This weekend I've been left alone, and I plan to put the time to good use by mucking around in the garden. I have many, many plans :) The existing plants need some maintenance, and some of my herbs didn't really make it through the winter, they'll need to be taken out. I'm going to plant a bit of scented garden around the side, and I've got some wildflower matting. I've got some new herbs to go in. This year I'm tending more toward the edibles rather than the medicinals, with several varieties of thyme and some garlic and ginger. I've also got some fruit to go in. I'm going to use the bits of space around the apple trees and raised beds to put in some currant bushes (red and white, which will stand up straight), some gooseberries, and some cranberries for ground cover. That, plus some extensive weeding and so on, is likely to take up most of the weekend, alas.
Assuming plans work out, it looks like I'll be attending Arisia 2015. This will be the first time in many moons - the last time was 2011, shortly before I finished my undergrad degree and moved to the UK. I'm not going to be volunteering for anything or on any panels, because this is such a last-minute thing, and also because I'd like to just enjoy the convention a bit. We might arrange some kind of dinner-ish thing one night if people are interested. Who's going?
We (by which I mean myself and N) are now at Worldcon. We're in the Ramada. I am sequestered tonight on account of I haven't written my presentation yet, but will be out and about tomorrow. I may not have your contact number, due to technology hairballs, so please contact me by other means (and if you do text me let me know who you are :)
Help me out, Internets. A few years ago I read a short story, I don't remember who it was by but I don't read a lot of short stories so it was probably Connie Willis or Charles Stross. It was about two next-door neighbors who lived in a world where nanotechnology advanced so much that people just made stuff in their garages. One particular point was one guy making oranges, and then recycling the peels into socks or something. Do you remember this story? I need it! (It's a perfect illustration of the problems of an abundance economy.)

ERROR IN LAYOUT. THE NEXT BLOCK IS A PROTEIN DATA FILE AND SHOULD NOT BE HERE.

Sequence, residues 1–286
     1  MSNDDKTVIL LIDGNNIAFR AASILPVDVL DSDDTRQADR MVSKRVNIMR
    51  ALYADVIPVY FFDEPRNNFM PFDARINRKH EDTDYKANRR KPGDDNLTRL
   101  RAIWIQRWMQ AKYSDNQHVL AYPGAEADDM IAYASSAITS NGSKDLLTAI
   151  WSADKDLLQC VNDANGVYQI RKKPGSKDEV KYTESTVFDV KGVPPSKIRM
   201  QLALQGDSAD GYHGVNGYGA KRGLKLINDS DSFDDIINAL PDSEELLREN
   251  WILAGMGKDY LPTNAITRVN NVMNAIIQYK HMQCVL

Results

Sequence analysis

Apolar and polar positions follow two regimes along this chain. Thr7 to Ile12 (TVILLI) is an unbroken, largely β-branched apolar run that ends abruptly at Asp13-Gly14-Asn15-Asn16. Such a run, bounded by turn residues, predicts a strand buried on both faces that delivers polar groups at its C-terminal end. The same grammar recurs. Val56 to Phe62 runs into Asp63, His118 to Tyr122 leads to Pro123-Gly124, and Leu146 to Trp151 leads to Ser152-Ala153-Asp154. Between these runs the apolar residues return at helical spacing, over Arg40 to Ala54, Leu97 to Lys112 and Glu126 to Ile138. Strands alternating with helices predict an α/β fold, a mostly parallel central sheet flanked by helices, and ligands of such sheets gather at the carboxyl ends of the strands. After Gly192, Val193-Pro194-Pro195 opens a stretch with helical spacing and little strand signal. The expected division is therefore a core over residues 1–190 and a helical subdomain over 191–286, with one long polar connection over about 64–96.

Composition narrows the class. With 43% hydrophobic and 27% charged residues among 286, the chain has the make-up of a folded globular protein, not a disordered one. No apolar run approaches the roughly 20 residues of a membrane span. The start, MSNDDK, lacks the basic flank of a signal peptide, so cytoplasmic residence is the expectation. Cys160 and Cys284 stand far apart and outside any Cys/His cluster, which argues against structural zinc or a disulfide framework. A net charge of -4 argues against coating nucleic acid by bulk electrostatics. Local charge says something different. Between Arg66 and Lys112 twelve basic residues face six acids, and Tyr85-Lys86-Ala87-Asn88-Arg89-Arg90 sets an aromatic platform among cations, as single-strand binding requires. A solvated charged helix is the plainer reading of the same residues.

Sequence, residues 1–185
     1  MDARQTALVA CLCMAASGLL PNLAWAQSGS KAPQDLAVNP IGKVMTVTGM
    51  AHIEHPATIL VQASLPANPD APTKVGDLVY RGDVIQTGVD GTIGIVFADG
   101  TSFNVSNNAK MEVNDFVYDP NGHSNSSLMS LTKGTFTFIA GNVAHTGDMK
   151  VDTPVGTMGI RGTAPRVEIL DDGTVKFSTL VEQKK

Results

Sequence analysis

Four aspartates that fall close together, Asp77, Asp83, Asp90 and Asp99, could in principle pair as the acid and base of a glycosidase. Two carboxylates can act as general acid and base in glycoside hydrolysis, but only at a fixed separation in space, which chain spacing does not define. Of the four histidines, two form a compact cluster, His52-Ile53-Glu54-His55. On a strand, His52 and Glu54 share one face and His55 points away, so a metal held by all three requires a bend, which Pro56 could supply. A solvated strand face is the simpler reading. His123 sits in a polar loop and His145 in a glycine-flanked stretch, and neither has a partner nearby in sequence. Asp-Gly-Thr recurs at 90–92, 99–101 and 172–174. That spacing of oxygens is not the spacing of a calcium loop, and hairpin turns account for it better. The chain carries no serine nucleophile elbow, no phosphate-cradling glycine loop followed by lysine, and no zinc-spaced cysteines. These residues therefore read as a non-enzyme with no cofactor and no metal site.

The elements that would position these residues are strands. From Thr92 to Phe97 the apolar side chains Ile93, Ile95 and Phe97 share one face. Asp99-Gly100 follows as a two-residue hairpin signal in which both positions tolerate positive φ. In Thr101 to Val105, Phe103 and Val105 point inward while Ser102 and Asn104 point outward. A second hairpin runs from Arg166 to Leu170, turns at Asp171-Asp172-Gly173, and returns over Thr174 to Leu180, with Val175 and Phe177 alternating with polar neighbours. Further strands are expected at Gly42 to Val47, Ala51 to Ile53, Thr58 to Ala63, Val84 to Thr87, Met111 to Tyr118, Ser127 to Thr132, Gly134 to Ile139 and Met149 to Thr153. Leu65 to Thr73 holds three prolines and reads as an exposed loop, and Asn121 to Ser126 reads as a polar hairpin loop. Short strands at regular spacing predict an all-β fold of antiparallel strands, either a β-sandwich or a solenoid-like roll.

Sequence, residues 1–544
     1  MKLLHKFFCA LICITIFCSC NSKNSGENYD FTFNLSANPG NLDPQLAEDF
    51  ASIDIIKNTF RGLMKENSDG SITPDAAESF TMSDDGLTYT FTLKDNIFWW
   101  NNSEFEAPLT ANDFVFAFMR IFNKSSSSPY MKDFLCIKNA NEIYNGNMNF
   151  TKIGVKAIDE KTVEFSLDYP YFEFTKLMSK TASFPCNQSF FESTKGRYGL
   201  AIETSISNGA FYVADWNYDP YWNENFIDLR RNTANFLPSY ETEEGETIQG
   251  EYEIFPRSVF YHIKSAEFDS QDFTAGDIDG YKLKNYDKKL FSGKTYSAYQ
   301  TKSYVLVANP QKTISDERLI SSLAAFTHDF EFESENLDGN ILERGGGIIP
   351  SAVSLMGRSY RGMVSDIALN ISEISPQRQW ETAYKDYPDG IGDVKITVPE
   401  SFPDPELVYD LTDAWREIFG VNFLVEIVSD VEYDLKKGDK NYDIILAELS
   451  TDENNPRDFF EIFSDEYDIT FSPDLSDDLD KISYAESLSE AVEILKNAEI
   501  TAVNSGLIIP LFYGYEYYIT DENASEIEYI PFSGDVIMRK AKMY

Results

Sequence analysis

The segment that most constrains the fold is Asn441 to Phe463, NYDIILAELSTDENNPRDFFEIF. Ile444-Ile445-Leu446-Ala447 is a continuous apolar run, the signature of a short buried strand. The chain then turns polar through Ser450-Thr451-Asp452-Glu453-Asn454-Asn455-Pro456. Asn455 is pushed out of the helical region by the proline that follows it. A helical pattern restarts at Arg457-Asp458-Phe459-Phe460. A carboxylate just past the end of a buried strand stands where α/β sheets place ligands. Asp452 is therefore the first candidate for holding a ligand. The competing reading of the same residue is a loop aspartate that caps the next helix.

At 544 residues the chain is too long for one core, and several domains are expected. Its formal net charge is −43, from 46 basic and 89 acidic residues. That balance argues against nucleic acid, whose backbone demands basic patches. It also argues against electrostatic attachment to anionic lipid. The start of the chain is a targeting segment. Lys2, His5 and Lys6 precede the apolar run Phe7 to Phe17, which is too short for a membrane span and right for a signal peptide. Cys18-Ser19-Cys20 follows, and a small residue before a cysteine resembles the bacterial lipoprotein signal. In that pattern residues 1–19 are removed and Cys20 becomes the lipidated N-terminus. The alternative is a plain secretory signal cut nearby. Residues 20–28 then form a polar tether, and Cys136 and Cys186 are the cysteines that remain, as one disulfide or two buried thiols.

So, I started my volunteer job last week. Right now it's only two shifts a month (about five hours). I wish it was longer, but I need to learn about the objects and do curator object handling training, so I'll have plenty to do for the time being. I absolutely love it. First of all, playing with stuff this old is amazing. I mean, actually picking up a Roman denarius or a Bronze Age chariot fitting, holding it in your hand, it's indescribable. Second, I love how it brings people out of themselves. Even people who are shy and think they'll drop things get incredibly animated over it. I'm reading up on the periods I'm doing over the next week and a half, to make sure I can answer questions like "how much is that worth?" (Answer: a day's wages, to a Roman :) I also think when I get to pick my own objects I'll make sure to always have at lease one thing about that is very durable, like the coins. That way people that are anxious can feel more comfortable about it all.
So. Tell me about book sorting! My problem: around 800 books across a very, very wide range of subjects, with two subjects (anthropology and science fiction (top level genre)) dominating. How finely grained a sort do you find useful? Are thematic sorts useful? (For example, I have a collection of books to do with London, and another to do with Cambridgeshire.) I tried a simplified Dewey system but Dewey totally breaks down with fiction, and is past the point of usefulness for social sciences.